Quarrying & Mining Magazine

Quarrying in the fast-lane

Mike Doesburg, Partner, Wynn Williams, looks at stone, sand and streamlined approvals.

The Covid-19 Recovery (Fast-track Consenting) Act 2020 (the Act) was a short-term measure implemented to stimulate the economy following the pandemic

The sped-up consenting process that it introduced has largely been viewed as a success, and while the Act has since been repealed, the Government has now introduced a Bill that will capitalise on the appetite for a faster consenting process.

The Act established new and faster processes, allowing expert consenting panels to make decisions on environmental approvals for qualifying projects. This Act was repealed on 8 July 2023, but remains in a state of suspended animation while the final projects are processed and determined.

Those who have participated will know that the fast-track consenting process is a wild ride – while it is a fast track, it is still a rigorous one. Applications are carefully assessed by expert panels, but compressed timeframes, reduced public participation and limited appeal rights mean quicker delivery of approvals.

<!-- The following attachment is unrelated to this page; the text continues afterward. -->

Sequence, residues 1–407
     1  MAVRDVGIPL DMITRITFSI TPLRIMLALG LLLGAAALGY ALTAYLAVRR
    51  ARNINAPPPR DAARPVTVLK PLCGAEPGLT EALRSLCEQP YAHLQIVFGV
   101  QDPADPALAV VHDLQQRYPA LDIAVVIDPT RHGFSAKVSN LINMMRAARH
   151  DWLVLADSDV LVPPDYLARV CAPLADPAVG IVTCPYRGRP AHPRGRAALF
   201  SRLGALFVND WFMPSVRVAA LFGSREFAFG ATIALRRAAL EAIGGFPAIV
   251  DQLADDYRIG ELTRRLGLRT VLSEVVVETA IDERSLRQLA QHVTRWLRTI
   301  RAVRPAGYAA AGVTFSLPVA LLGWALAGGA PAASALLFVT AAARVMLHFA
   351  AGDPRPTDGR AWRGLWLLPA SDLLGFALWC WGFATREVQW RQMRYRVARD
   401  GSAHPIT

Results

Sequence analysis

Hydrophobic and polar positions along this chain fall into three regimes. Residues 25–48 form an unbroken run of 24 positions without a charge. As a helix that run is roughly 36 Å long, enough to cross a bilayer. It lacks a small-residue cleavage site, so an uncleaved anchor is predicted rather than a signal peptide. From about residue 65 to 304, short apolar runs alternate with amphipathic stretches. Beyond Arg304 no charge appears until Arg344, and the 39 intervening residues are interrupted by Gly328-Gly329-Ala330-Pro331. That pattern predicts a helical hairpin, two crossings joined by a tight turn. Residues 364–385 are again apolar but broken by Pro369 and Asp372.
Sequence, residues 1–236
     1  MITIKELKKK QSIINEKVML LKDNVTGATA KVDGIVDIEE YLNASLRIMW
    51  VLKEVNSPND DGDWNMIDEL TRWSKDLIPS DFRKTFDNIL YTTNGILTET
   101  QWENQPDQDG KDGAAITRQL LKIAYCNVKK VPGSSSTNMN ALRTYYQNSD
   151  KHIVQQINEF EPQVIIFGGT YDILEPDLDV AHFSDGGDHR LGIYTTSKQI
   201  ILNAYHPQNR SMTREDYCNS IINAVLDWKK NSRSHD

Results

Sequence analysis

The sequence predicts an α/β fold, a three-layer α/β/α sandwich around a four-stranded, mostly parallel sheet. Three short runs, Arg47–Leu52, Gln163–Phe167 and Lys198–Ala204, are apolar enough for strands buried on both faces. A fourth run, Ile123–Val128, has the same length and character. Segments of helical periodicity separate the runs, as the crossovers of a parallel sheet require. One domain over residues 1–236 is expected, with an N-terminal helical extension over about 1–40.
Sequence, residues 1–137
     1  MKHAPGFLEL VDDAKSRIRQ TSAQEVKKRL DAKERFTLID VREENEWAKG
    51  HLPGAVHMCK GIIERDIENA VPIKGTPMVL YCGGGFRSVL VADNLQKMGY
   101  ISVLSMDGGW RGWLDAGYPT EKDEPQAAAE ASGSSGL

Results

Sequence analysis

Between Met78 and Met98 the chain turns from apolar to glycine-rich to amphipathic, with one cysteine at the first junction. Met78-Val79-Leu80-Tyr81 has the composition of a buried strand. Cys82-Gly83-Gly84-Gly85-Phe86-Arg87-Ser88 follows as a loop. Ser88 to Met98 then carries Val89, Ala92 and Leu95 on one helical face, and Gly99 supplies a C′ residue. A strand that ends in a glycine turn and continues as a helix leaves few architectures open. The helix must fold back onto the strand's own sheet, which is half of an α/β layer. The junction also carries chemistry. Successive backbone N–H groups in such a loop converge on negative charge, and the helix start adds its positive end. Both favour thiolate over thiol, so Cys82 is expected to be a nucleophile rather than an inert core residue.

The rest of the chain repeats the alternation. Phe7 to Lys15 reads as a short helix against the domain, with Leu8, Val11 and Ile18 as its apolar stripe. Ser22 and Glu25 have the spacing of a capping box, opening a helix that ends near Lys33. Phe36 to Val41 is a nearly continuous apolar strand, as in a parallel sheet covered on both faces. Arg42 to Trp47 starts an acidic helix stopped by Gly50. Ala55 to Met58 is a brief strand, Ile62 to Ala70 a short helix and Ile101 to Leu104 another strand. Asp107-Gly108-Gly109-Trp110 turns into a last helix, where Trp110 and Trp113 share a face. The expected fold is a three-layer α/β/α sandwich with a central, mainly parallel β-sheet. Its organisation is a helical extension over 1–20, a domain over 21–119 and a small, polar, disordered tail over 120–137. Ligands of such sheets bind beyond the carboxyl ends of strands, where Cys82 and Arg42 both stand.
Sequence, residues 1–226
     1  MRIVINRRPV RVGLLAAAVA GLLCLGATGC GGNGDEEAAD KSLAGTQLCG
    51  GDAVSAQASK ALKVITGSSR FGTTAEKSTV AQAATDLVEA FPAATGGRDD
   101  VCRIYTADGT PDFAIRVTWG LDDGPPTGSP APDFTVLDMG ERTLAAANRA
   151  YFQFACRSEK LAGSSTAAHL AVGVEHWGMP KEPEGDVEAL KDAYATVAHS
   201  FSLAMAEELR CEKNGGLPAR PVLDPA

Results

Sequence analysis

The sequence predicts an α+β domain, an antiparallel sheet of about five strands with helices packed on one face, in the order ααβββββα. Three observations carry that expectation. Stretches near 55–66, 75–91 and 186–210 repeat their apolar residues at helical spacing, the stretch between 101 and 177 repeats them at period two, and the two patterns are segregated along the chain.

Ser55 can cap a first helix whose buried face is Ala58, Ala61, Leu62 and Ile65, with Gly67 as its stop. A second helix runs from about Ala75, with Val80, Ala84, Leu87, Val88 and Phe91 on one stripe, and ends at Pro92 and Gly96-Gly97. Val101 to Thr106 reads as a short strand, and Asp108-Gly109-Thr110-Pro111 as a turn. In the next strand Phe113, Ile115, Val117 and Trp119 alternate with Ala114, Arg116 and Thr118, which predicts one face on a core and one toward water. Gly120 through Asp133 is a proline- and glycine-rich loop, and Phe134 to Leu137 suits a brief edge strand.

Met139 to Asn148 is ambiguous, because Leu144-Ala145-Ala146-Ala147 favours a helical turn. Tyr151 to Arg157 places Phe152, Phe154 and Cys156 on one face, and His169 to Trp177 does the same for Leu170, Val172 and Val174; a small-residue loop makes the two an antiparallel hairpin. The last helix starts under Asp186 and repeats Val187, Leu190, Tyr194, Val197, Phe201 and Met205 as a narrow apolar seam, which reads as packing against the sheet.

To date, nearly 70 projects have been granted approvals under the Act, saving each project years that would ordinarily be spent in processing or litigation. A further 44 are being processed (including a new quarry and two quarry expansions).

Overall, the fast-track consenting process has been seen as a success and was to be retained as part of the reform package for the Resource Management Act 1991. While the current and previous government did not see eye-to-eye on many aspects of reform, they shared the view that the fast-track had a role to play in the future of our resource management.

While most of the RMA reform package was sent to the morgue when the coalition Government took power in late 2023, the parts relating to fast-track consenting were kept on life-support pending the passage of new fast-track legislation.

The Government promised to introduce new fast-track legislation within its first 100 days. On the 99th day, on 7 March 2024, the Fast-track Approvals Bill (the Bill) was introduced and read for the first time.

This Bill is best summarised by its purpose: “To provide a fast-track decision-making process that facilitates the delivery of infrastructure and development projects with significant regional or national benefits.”

The Bill sets up a “one-stop shop fast-track consenting regime”. It provides a speedy process for obtaining typical RMA approvals (resource consents, designations and certificates of compliance), but also other regulatory approvals required for infrastructure or development, including:

• Concessions under the Conservation Act 1987;

• authority to do anything otherwise prohibited under the Wildlife Act 1953;